Healthy Eating As We Age - As we age, healthy eating can make a difference in our health, help to improve how we feel, and encourage a sense of well-being. Eating healthy has benefits that can help older adults. Your diet can make a world of difference in how healthy you feel as you age.
While some aspects of healthy eating look similar at any age, your body’s needs change as you age. Here are a few dietary guidelines to follow that will serve you well as you get older.
How many calories do adults over 50 need? Use the following as a guideline:
A woman over 50 who is:
A man over 50 who is:
How to Eat Healthy After Age 50
Fruits and vegetables. As you age, you can’t get enough antioxidants and vitamins. A simple way to remember which fruits and veggies to eat is to choose the ones with the brightest colors. Bright reds, greens, yellows, oranges—all of these foods are packed with vitamins and nutrients.
Lots of dairy. As people age, their bones lose density—so it’s important to get enough calcium and Vitamin D. It’s especially important for the elderly to increase dairy intake, because as you get older, your body has a harder time making Vitamin D through sun exposure alone. Three eight-ounce glasses of milk can provide almost all of your daily recommended dose of calcium. Nonfat or low-fat dairy items are best, including yoghurt, cheese, and milk.
Whole grains. These are full of B vitamins and fiber, and are an essential part of a healthy diet. Whole wheat breads and oatmeal are great, as well as quinoa. Avoid white breads, white pastas, and other refined carbs, however—these are much less beneficial to your health. When you eat carbs, choose brown carbs instead of white.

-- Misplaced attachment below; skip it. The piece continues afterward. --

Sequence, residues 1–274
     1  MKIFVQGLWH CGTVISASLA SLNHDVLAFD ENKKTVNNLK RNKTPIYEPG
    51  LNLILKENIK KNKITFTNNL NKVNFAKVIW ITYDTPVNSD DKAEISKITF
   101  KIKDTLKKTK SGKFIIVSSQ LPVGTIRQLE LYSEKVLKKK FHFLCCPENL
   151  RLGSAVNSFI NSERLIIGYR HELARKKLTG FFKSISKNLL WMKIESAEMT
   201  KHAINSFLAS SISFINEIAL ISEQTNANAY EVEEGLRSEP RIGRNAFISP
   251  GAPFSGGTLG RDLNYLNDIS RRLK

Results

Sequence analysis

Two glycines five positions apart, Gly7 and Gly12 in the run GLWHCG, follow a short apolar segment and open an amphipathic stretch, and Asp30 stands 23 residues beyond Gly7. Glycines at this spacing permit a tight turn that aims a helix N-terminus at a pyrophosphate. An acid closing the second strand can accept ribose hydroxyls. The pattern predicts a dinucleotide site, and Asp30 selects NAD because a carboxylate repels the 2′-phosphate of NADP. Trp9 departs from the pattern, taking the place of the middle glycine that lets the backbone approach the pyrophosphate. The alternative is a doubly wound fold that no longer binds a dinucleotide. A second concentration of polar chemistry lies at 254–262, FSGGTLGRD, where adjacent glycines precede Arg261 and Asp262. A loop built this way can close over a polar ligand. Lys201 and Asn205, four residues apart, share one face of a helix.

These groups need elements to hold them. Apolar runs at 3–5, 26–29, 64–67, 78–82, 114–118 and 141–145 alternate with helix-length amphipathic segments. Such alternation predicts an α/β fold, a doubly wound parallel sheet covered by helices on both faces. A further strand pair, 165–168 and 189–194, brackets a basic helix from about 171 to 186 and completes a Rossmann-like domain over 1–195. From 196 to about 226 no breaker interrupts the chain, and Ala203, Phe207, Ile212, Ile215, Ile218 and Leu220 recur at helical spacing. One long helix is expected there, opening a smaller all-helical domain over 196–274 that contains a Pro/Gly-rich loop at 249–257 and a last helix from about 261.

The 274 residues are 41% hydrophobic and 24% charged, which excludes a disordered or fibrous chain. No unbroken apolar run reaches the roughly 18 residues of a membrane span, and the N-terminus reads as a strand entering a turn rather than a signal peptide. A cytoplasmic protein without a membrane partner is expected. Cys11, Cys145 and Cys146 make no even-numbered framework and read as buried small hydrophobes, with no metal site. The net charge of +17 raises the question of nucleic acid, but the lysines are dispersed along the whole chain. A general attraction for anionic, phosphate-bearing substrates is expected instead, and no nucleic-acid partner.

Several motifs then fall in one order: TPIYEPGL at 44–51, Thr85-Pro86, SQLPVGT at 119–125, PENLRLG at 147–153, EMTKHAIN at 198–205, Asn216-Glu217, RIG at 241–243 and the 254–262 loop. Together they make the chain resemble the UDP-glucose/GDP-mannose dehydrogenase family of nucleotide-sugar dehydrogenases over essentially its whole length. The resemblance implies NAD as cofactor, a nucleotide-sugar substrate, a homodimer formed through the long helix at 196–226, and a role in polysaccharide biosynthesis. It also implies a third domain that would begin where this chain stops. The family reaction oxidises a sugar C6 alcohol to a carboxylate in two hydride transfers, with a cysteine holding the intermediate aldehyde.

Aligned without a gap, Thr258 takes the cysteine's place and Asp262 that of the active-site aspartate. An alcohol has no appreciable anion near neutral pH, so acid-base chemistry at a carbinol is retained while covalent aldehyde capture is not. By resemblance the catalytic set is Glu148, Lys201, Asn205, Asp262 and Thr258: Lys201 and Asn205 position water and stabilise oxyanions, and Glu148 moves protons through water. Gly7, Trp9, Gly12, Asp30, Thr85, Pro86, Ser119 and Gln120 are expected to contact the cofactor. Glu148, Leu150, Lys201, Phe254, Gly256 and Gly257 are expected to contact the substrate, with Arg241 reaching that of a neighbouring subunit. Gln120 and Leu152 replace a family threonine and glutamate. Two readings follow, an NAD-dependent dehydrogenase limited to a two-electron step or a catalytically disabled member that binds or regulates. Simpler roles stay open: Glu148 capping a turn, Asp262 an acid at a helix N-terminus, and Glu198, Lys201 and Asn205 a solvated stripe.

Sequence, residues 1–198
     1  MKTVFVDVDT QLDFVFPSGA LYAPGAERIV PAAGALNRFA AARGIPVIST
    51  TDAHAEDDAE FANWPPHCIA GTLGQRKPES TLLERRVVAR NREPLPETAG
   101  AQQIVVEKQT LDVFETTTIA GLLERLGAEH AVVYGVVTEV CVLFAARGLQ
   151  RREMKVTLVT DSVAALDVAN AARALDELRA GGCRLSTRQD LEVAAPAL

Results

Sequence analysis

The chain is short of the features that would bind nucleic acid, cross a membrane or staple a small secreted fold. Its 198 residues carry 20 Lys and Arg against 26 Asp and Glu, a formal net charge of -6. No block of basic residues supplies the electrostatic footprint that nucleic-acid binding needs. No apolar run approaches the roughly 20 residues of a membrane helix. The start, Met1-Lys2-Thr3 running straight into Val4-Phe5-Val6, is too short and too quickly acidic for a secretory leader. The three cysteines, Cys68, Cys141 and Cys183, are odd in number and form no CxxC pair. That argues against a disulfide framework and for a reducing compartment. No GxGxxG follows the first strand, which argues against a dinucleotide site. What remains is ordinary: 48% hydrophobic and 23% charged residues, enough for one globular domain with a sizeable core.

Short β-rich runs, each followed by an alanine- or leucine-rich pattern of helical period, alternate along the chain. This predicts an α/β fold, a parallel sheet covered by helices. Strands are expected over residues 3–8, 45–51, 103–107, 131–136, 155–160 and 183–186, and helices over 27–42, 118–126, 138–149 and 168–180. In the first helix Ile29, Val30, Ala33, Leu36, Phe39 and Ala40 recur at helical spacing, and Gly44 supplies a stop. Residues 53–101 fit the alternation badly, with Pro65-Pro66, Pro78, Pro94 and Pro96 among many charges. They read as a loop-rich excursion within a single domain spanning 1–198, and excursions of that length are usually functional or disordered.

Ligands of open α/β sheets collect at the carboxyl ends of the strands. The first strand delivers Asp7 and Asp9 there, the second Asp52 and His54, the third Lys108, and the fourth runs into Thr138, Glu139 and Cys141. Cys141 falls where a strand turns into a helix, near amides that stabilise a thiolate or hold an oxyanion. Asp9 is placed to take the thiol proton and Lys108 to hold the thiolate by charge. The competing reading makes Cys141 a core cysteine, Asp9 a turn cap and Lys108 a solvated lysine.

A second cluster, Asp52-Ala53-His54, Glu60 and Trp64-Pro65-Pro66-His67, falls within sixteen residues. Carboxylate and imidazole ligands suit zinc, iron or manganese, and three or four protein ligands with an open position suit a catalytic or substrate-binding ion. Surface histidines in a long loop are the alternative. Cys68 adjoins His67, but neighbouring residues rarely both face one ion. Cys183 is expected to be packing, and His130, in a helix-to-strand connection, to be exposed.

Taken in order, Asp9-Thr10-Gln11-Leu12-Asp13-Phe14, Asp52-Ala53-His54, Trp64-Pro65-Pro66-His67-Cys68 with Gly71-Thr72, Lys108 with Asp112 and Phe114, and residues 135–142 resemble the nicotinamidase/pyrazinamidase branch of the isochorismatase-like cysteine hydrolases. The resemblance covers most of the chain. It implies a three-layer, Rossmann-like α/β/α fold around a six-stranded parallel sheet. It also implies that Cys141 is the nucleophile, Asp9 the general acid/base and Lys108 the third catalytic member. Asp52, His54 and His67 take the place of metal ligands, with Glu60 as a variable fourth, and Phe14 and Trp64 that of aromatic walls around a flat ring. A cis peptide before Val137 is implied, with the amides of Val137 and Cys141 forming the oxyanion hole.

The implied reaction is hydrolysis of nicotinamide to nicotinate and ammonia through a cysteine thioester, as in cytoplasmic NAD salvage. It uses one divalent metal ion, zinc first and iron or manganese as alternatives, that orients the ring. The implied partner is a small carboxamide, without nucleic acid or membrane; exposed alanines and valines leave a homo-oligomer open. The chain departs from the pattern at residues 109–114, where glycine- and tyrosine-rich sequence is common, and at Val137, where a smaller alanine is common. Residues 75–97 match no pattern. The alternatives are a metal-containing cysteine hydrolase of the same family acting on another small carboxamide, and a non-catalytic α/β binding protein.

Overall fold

Lean protein. Fad diets such as the Atkins diet promoted high-fat meats, but these can be detrimental to your heart and cardiovascular health as you age. Switch to lean meats and avoid cuts of meat with layers of fat. Fish, beans, legumes, nuts, and poultry are also great choices for leaner protein. Avoid over-eating meat—look for a cut of meat that’s about the size of a deck of playing cards.
Fish. Fish can be a great source of Omega 3 fatty acids, which are great for you. Salmon, mackerel, and tuna are usually the best choice, but don’t eat too much—approximately two servings per week are generally enough.
Spices rather than salt. Salt makes your body retain water, which can increase your blood pressure—something that can cause heart attacks, strokes, and heart failure. A high salt intake has also been linked to kidney stones and kidney disease, osteoporosis, vascular dementia, and other health problems. Rather than using salt to boost flavor, consider using spices and herbs.
Unsaturated rather than saturated fats. The easy rule of thumb is that if a fat is solid, don’t eat it. If it’s solid at room temperature outside your body, it will also be solid inside your body—including in your veins and arteries. Instead of butter, choose olive oil and other oils for cooking. Avoid meat with layers of solid fat. Make foods such as bacon a once-in-a-while treat rather than a breakfast staple.
Healthy eating is important at any age, but becomes particularly crucial as you age. Choose colorful fruits and vegetables, unsaturated rather than saturated fats, spices rather than salt, and get plenty of dairy and whole grains. Talk to your doctor for dietary guidelines specific to your health situation, and you should be able to put together a dietary plan that will keep you feeling great.
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